BBC Play of the Month (1965–1983)
7.0/10
154
10 user 2 critic

The Picture of Dorian Gray 

A corrupt young man somehow keeps his youthful beauty, but a special painting gradually reveals his inner ugliness to all.

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Cast

Episode cast overview:
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Gwen Ffrangcon Davies ...
Nan Munro ...
Mark Dignam ...
Lord Fermor
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Gillian Raine ...
Nicholas Ball ...
Lawrence Davidson ...
Victor
Reginald Barratt ...
Mr. Hubbard
Paul Greenhalgh ...
Francis
Nicholas Clay ...
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A corrupt young man somehow keeps his youthful beauty, but a special painting gradually reveals his inner ugliness to all.

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Drama

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19 September 1976 (UK)  »

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1.33 : 1
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Quotes

Lord Henry Wotton: Uncle George, I want to get something out of you.
Lord Fermor: Money, I suppose.
Lord Henry Wotton: No, no, no, it isn't money I want. You see, it's only people who pay their bills who want that, Uncle George, and I never pay mine.
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Connections

Version of Dorian Grays Portræt (1910) See more »

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User Reviews

 
Brilliant Acting Highlights This Production.
2 December 2002 | by (Pa.) – See all my reviews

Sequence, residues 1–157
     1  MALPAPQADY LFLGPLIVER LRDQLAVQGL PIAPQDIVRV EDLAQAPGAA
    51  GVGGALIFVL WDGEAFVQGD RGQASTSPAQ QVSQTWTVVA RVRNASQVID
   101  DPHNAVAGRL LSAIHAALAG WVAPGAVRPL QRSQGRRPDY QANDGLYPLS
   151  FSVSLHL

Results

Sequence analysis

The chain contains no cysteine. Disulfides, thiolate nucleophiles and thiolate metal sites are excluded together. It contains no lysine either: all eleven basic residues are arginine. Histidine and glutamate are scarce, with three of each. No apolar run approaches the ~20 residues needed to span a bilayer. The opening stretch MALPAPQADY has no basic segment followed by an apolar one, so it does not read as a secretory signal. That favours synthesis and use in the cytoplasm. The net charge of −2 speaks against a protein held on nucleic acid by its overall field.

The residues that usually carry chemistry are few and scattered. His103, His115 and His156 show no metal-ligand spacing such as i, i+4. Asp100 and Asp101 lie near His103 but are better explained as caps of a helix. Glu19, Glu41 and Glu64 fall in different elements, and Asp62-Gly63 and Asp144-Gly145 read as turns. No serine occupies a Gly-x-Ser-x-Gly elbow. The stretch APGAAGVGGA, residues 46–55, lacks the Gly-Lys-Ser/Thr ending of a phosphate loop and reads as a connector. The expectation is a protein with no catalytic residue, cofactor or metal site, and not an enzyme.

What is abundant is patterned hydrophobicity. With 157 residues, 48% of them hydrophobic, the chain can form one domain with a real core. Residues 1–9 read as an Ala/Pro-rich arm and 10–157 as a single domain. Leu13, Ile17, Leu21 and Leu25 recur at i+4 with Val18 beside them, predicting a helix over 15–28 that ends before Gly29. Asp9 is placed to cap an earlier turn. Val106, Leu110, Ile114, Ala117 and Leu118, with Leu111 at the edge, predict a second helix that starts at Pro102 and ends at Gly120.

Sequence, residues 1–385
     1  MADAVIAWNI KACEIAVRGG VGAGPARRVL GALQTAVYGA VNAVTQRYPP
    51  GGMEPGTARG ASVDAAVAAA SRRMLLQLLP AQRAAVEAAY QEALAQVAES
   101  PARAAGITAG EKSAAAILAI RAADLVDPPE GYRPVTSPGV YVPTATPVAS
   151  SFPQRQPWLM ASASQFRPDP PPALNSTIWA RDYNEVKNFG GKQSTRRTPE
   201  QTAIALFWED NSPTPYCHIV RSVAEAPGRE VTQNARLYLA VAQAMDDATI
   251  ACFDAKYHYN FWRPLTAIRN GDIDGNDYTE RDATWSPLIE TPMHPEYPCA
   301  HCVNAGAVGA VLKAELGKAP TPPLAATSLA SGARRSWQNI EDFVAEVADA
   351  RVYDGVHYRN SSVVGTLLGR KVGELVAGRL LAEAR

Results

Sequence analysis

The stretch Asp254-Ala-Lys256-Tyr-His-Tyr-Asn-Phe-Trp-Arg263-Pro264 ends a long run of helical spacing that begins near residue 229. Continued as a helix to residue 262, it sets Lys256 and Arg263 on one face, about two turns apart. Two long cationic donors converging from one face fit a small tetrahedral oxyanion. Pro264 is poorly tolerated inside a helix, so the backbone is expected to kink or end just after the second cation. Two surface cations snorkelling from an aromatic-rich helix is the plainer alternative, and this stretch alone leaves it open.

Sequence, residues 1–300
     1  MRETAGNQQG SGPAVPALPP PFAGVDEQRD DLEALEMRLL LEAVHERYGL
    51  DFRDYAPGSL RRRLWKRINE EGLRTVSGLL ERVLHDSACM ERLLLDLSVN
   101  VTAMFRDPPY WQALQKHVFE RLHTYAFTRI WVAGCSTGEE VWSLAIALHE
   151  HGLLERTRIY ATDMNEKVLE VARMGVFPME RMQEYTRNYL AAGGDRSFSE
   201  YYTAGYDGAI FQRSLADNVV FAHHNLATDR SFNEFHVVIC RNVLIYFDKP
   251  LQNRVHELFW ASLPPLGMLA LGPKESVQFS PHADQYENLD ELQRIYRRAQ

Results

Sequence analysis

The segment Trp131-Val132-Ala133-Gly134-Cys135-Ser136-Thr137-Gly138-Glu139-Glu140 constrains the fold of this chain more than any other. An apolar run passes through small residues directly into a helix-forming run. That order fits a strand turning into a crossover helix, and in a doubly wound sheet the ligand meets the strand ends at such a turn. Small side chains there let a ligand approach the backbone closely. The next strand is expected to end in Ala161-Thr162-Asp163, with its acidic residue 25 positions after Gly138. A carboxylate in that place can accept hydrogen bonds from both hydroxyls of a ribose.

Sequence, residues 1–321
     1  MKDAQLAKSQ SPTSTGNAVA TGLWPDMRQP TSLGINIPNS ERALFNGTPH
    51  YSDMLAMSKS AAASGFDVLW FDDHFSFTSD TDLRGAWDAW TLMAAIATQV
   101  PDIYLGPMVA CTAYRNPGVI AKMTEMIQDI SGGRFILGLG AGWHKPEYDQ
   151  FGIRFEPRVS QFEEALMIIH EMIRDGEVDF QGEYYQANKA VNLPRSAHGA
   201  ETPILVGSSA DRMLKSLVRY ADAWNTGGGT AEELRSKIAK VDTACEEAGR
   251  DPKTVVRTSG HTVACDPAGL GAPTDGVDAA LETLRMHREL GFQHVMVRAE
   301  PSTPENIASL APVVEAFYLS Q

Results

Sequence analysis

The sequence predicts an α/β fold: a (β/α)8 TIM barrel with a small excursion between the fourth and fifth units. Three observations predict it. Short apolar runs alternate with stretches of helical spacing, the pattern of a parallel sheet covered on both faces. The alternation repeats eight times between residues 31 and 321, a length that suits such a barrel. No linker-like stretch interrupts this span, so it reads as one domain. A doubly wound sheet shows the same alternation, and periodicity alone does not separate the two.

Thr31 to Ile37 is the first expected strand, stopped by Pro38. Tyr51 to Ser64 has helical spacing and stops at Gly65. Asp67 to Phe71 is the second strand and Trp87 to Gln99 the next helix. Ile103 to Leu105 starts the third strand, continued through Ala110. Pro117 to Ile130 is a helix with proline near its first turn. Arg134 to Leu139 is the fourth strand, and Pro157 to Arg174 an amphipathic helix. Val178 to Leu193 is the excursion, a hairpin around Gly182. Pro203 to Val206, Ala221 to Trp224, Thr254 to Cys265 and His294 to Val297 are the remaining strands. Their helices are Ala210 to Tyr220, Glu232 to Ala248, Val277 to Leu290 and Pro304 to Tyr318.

Onstage John Osborne's adaptation of "Picture of Dorian Gray" is a fine tribute to Oscar Wilde's talents as both novelist and playwright.On screen with some editing it becomes a bit sloppy due to the cutting of 3 crucial scenes from the play (one being an important scene between Basil and Henry showing that time has passed.)The acting however is brilliant. Sir john Gielgud return's to his Wilde roots as lord Henry,and although about a decade too old for the role,he totally becomes the enigmatic,life loving cad and cynic that Wilde brought to life so meticulously in his novella. Jeremy Brett is also strong,offering a touching portrait of the anguished artist Basil Hallward.Peter Firth,while not originally my vision of Dorian, handles the role with style and grace...and later with a convincing strain of cruelty. The supporting cast is equally fine, Gielgud's former 'Importance Of Being Earnest" co-star Gwen Francon-Davies plays his philanthropic Aunt Agatha with dignity and Judi Bowker makes a touching Sybil Vane. The wit,pathos and tension of Wilde's work have been remarkably transferred to the screen. My only other qualm is with the hair styles. Many of them seemed out of place,looking more like 1970's versions of Victorian hairdos rather than the actual style. Overall however,the acting and writing elevates this production to a high level of small screen excellence.


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